And in the growth he saw from players such as Eubanks, Brittany Rogers and Whitney Larsen during the season that followed, he felt Montalvo had accomplished just that.
"Basically, what she did her first two years was she didn't want to show anybody up," Murphy said this preseason. "She felt she shouldn't go all out or she might make somebody look bad. And I said, 'You know, the opposite is going to happen; if you dive, if you go all out, they're going to do the same thing.'"
As a recent tournament littered with ranked teams wound down, an Oklahoma player stopped on her way out of the complex to chat with a member of the traveling party from another top-10 team. The Sooners player recounted losing to Alabama that morning when Montalvo came up big in the final inning, saving the day and erasing memories of the Tide's first loss the previous night.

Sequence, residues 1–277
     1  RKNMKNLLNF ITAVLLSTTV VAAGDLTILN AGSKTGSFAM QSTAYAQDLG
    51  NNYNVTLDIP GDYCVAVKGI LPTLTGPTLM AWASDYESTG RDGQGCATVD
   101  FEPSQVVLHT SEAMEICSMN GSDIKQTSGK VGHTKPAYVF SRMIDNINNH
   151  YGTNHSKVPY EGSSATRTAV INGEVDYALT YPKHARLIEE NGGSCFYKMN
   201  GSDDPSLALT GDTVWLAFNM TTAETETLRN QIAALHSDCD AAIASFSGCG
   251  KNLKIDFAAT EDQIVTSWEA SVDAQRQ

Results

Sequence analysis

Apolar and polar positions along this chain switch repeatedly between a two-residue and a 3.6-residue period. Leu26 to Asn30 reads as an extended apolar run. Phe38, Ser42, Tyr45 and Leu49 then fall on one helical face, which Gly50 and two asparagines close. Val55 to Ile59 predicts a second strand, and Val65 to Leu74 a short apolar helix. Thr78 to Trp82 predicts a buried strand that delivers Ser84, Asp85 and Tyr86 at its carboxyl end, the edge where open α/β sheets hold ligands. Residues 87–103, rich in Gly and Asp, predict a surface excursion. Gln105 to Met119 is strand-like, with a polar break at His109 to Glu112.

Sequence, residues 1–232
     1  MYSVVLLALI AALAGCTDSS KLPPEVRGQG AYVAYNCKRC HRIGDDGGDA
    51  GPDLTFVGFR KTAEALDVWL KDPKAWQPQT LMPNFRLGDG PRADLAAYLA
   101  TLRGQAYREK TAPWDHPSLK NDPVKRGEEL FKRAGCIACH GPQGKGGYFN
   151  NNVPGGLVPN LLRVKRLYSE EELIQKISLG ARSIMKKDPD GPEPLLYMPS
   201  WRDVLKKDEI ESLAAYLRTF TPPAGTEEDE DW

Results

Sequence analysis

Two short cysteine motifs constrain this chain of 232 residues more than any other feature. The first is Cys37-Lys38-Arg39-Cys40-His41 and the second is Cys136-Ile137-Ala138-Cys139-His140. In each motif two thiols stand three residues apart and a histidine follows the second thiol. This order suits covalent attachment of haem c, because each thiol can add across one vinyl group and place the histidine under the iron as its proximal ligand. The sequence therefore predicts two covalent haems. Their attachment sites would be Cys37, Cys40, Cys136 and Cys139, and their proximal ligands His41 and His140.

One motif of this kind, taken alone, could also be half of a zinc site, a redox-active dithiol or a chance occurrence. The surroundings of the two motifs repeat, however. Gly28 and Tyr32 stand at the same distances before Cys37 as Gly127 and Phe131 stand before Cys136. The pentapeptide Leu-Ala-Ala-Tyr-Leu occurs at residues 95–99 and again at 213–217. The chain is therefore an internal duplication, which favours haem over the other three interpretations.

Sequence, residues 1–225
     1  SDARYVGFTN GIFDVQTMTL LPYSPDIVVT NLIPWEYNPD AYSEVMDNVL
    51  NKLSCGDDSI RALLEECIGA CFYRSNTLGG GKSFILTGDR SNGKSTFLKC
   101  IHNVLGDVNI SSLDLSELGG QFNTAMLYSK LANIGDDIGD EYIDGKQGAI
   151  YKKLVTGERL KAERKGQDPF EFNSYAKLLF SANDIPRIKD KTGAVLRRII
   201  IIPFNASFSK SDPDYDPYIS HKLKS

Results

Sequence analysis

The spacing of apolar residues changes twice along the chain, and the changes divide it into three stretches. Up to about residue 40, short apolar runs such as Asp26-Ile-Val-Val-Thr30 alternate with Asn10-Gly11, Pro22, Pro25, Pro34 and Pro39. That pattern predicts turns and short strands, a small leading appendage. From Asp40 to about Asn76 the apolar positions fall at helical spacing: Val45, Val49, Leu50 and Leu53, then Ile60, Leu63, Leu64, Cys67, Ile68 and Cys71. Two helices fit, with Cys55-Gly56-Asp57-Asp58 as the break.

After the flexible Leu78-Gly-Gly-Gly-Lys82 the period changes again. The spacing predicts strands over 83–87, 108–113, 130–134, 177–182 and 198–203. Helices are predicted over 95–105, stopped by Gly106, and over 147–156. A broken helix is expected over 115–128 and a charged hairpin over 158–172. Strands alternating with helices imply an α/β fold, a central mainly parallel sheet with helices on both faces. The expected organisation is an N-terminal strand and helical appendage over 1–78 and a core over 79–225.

"We got beat on a walk-off double by the shortest girl on the field," the player said.
There wasn't anything dismissive in the player's voice when she described Alabama's slugger; it was merely a matter-of-fact description tinged with the slightest hint of admiration. And even as the friend offered condolences, both agreed that, height aside, Montalvo crushes the ball with regularity.
All Montalvo wanted was that chance to show what she could do if people would stop searching for players who look good walking through an airport.
As she put it, "I was like, 'I play with heart; why can't I just give you that?'"
Graham Hays covers softball for espn.com. E-mail him at Graham.Hays@espn3.com.